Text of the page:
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Destiny 2 Season 2 Crimson Days Review


Crimson Days is over and depending on who you ask it was either a rip roaring success, or a real mess of a live event from Bungie. We’re here to give you our view based on countless hours spent playing together through the Crimson Days playlist.

Firstly let’s talk about how convenient Crimson Days was this time around. In Destiny 1 you couldn’t compete in Crimson Days without being in a Fireteam of two. This meant that the event was totally locked off to any players who didn’t have anyone they could team up with in the real world. The matchmaking in Destiny 2 for Crimson Days made it so easy to jump into matches. The fact that I was even able to compete is pretty astonishing, because time is not a luxury I have, like many Destiny 2 players, so the simple convenience of matchmaking made the event accessible not only to me, but so many other players.

The actual game mode of Crimson Days was very interesting. It forced players to stick close together or be revealed to the enemy. This made it difficult to pincer the enemy team, and equally easy to destroy them and be destroyed by them because you’re all stuck in a single line facing each other. The buff provided to players when they’re in close proximity is something that doesn’t really exist in other games, but it’s an interesting concept that feels like a benefit, because of the actual buff but also the advantage of being able to work with a team mate, and a hindrance, because you can’t leave that team mate or you’re compromising the team’s strength and position.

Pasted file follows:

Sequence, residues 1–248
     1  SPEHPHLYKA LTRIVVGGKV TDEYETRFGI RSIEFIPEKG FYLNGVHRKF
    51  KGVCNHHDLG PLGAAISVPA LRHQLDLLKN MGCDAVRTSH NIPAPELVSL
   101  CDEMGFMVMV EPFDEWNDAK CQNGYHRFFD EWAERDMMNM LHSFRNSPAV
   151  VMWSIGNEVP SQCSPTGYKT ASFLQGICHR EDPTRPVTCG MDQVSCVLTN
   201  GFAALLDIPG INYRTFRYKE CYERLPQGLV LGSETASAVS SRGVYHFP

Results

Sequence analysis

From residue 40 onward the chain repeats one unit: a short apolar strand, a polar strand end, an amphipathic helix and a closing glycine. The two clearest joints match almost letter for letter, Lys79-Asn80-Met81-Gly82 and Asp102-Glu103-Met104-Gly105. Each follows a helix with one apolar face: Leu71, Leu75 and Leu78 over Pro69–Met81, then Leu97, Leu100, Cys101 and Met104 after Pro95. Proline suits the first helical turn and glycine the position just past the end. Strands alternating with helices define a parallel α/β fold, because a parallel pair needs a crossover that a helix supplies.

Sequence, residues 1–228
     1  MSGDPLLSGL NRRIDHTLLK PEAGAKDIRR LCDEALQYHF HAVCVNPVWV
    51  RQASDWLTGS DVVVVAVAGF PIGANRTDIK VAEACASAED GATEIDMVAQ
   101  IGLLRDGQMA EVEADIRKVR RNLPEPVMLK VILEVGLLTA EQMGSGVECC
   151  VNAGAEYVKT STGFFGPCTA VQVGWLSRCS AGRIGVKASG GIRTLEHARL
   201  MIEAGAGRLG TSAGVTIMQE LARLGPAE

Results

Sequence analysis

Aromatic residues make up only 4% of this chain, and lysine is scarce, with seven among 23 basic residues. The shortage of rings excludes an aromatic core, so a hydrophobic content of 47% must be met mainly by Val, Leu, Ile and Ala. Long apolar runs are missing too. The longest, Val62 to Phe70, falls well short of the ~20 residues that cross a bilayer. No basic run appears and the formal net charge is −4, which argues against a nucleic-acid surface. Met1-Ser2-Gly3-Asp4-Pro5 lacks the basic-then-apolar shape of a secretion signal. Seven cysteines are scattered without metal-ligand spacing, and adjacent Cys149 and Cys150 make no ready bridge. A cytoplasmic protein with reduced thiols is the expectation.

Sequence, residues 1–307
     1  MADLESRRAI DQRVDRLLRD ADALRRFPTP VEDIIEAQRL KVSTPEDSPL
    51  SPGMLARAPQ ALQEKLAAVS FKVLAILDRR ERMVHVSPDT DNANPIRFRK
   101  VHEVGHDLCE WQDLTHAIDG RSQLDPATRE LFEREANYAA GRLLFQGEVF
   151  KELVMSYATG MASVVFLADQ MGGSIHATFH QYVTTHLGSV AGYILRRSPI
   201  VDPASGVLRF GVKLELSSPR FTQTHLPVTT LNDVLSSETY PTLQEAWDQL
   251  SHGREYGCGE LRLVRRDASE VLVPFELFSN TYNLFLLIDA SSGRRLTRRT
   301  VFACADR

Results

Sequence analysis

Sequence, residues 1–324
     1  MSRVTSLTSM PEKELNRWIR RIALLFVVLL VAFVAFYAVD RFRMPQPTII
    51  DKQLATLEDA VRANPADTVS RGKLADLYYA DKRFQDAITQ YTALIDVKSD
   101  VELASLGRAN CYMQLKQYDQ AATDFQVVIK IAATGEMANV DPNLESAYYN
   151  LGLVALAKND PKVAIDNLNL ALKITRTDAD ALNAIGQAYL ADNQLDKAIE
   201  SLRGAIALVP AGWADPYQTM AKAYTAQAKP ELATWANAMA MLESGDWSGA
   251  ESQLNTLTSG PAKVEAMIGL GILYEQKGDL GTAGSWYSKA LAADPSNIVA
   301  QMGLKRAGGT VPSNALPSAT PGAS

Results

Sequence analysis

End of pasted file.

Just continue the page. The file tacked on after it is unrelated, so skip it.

While we’re on the subject of the game mode, the maps that were in the Crimson Days playlist were all perfect. Each one, including the revamped but renamed The Burnout, contained areas where the conflict between both teams was intense and exciting. It felt like at any minute the scores could turn and the enemy would suddenly overtake you by eight points, but you could also do the same to them.

A bad point about Crimson Days, and I know it’s one that’s a source of controversy for Guardians, is the loot system. I felt like I only earned Crimson Engrams when I lost a match, and when I decoded them I ended up getting a lot of the same stuff. I did however, earn three exotic Sparrows, all of which look the same, and an Exotic Ornament for the event. While the cosmetics you could earn from Crimson Days are awesome because they were created specifically for it, and affect more than items such as Sparrows but weapons you use all the time as well, I feel like there should have been some specific armour and weapons.

The lack of items like armour and weapons specific to Crimson Days shows that Bungie thought we wanted skins for our current armour and weapons more. While that might be true of many Guardians, I know there are others who want to have a complete armour set from an event, which Bungie did offer as part of The Dawning.

Overall I think Crimson Days was a success, but it wasn’t without its flaws. There’s definitely room for improvement with the loot system for it, but the matchmaking, game mode changes, and maps all came together to create a really fun live event. Let us know what you think in the comments.

Image Source: Playstationifestyle

I'm an avid Destiny 2 fan and player. I fell in love with Destiny 1 during the early alpha and have been hooked by the universe ever since. I really enjoy playing with other Guardians, speculating about the lore, and writing about as much of the Destiny universe as I can.

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